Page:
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Hot Topic Highlight – RICS Consumer Guide Boundary Disputes in England and Wales

Updated: Oct 29, 2023

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What is today's blog about?

In this week’s blog, we take a look at the RICS Consumer Guide Boundary Disputes in England and Wales.

This is essential reading for any RICS APC and AssocRICS candidates or Chartered Surveyors who come across boundaries and boundary disputes in their professional work. It will also be of interest to anyone who is a homeowner or tenant of a rented property! You can also read our previous blog on RICS boundary guidance here.

Why did the RICS publish this Consumer Guide?

RICS published this Consumer Guide as boundary disputes can be expensive, emotionally charged and time consuming, particularly if they become litigious.

Disputes often arise when new boundary features are installed, boundary lines are not clear or a new structure is built close or up to a boundary. Party walls also need to be considered in these scenarios. You can find out more about these in our previous blogs.

In most cases, we cannot choose who our neighbours are and irrespective of any disputes, we often have to continue living next to them – so having a good understanding of the law and basic principles is essential.

What do boundaries look like?

Boundaries take many physical forms, including:

  • Fences

  • Walls

  • Hedges

  • Edging stones

  • Building walls/edges

  • Roads

  • Ditches

  • Rivers

What considerations would you make regarding boundaries pre-acquisition?

Understanding a property’s boundaries during the pre-acquisition and conveyancing processes is essential.

This will partly be the role of the solicitor or conveyancer, but there is also some basic due diligence that you can undertake as a surveyor (or for your own property purchases):

  1. Review a copy of the Land Registry Title Register and Title Plan, the latter of which will include a red line denoting the general site boundaries. This will not include the physical boundary features, exact position or legal course. It only costs £3 per copy document (in PDF format) so there is no excuse not to check it, or you can request a copy from your legal advisor.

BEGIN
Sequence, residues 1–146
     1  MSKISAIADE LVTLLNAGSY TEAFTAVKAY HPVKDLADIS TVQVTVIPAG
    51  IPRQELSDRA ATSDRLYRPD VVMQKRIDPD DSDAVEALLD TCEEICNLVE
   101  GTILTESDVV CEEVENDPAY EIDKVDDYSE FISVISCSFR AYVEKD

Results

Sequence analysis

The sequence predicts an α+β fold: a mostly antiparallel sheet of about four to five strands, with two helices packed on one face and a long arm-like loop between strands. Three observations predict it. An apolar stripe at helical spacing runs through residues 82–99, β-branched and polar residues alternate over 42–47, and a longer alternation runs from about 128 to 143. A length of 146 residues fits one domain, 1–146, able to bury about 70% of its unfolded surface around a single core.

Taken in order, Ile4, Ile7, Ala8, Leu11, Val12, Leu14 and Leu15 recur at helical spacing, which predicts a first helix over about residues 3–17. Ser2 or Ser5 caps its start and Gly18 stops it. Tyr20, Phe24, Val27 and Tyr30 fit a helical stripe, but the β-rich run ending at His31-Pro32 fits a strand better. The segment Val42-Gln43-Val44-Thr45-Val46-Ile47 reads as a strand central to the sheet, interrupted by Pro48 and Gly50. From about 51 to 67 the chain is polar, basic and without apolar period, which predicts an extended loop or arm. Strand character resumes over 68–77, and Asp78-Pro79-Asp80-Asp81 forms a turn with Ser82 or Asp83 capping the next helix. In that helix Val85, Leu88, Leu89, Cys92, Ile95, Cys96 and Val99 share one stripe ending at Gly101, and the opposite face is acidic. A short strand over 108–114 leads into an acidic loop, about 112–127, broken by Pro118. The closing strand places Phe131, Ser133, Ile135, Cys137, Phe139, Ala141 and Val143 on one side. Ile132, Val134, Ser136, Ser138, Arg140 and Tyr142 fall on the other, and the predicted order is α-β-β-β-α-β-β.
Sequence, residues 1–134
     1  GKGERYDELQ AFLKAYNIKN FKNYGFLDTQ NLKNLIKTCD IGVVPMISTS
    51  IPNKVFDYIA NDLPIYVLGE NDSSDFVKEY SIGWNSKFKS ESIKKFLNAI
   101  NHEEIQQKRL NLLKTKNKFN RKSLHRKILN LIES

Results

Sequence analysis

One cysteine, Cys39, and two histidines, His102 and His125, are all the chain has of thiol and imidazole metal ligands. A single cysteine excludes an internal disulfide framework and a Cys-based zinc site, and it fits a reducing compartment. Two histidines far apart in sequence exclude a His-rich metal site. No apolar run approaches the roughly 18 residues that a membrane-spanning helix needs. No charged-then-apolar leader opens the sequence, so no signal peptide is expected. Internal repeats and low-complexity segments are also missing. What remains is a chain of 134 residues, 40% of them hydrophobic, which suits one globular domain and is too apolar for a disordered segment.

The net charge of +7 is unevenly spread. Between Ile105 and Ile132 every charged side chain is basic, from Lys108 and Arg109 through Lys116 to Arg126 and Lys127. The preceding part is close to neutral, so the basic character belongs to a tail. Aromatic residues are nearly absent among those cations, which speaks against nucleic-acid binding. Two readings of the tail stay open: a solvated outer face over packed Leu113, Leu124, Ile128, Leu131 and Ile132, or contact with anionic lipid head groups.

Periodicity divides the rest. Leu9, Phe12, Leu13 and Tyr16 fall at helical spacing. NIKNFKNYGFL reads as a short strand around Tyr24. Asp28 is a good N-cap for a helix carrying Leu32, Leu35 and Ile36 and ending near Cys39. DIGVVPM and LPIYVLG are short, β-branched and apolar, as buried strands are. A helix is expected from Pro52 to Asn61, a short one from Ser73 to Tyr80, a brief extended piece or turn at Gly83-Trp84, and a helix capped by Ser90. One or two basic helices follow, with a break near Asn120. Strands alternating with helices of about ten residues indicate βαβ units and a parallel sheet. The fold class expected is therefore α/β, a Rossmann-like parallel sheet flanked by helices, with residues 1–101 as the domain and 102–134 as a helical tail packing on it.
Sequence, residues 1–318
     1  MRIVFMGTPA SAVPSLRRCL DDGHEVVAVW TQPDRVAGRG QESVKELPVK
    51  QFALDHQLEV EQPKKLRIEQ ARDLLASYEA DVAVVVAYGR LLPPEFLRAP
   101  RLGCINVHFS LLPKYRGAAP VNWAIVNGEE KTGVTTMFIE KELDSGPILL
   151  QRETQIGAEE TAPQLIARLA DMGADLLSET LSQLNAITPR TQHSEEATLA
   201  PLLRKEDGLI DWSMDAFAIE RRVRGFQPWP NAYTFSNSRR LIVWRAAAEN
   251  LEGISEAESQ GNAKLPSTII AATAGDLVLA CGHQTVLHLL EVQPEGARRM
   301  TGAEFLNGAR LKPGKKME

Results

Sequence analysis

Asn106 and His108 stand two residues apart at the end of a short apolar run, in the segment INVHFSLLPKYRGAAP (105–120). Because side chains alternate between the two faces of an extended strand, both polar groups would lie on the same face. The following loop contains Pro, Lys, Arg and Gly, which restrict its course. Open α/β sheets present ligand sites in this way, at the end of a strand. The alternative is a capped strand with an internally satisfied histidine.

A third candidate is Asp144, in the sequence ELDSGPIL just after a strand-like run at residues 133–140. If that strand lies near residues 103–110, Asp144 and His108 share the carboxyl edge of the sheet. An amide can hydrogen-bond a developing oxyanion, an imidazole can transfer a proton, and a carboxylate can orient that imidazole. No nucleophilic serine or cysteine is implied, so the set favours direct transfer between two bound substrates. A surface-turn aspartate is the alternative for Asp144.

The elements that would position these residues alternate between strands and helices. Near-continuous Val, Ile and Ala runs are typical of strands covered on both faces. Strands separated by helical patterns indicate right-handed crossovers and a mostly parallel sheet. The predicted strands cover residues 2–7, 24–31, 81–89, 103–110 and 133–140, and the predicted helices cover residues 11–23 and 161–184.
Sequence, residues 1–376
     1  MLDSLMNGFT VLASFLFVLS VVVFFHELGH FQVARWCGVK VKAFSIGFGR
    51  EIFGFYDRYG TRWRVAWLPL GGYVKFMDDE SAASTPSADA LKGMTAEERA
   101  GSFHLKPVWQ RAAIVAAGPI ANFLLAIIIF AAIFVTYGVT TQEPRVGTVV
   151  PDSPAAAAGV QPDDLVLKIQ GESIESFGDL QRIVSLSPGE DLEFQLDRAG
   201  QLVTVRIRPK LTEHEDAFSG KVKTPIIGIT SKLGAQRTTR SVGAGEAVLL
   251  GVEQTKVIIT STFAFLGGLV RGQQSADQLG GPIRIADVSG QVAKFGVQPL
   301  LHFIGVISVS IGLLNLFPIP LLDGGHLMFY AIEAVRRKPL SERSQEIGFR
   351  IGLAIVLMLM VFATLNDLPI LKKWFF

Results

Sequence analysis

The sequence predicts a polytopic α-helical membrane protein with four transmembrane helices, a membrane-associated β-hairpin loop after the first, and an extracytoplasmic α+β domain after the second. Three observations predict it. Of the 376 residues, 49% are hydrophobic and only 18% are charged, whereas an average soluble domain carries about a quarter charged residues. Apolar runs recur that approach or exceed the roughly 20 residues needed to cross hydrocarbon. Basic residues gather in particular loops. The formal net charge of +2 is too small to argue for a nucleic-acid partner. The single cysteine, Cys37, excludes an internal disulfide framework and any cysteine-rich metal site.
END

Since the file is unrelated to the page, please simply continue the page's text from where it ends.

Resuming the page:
2. Take a copy of the Title Plan to site and compare it to what you can see on the ground, through inspection and walking the site boundaries. This will identify any differences in the boundary lines or physical structures on site.

  3. Other useful documents to check will be the full title deeds, historical documents and aerial photographs.

  4. Engage with the neighbouring property owners to identify the boundaries and maintenance liabilities. You can also check the Property Information Form TA6 for residential purchases for further clarification on this point. If the boundaries or liabilities are not clear, then these need to be agreed (ideally in writing). Any work to boundaries or the erection of new boundary features should be consulted on beforehand.

  5. If the property sits adjacent to a public highway or right of way, then the Local Highway Authority should be contacted for clarification of this boundary.

How can we help?

Stay tuned for our next blog post to help build a better you.

N.b. Nothing in this article constitutes legal, professional or financial advice.


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